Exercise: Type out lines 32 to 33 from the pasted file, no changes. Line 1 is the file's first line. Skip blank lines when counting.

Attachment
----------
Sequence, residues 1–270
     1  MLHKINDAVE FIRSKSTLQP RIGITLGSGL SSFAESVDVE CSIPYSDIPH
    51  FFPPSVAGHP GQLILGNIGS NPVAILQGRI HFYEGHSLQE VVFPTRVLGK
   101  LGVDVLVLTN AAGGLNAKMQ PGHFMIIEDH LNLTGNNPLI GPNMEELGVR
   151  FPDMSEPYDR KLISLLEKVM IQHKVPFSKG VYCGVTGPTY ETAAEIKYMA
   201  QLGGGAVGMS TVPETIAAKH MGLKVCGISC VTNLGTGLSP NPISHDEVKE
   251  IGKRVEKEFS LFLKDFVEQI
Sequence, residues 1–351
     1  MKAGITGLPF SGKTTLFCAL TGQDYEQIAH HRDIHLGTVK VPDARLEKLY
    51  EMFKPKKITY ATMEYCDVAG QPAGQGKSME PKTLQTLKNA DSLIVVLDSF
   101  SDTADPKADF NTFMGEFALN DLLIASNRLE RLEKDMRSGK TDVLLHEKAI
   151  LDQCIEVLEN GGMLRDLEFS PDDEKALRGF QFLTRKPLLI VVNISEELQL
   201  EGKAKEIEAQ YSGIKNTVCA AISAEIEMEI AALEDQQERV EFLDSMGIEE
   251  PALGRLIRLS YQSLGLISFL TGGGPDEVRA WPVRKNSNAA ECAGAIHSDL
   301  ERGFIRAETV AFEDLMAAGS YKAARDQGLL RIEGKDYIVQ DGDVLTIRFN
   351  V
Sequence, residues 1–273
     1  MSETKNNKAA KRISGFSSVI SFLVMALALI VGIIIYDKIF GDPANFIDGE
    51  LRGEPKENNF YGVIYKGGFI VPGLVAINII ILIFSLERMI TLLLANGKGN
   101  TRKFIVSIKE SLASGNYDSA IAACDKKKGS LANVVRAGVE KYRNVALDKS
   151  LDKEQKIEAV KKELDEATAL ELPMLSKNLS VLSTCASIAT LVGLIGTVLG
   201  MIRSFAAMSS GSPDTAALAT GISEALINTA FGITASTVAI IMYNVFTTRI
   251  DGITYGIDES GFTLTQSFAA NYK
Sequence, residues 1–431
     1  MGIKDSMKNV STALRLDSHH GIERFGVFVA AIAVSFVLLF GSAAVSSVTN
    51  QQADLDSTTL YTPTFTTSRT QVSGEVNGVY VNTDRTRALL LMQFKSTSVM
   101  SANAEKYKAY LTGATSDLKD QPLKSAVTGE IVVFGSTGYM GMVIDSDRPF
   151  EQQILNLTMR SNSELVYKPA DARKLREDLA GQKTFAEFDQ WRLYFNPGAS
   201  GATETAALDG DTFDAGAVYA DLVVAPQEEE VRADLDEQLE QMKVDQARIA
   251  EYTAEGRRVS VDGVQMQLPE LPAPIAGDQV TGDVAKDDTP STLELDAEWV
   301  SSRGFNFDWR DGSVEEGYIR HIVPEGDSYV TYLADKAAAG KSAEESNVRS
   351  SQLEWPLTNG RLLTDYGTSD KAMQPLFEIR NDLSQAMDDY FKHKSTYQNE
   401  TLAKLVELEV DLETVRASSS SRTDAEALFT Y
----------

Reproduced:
   351  SQLEWPLTNG RLLTDYGTSD KAMQPLFEIR NDLSQAMDDY FKHKSTYQNE
   401  TLAKLVELEV DLETVRASSS SRTDAEALFT Y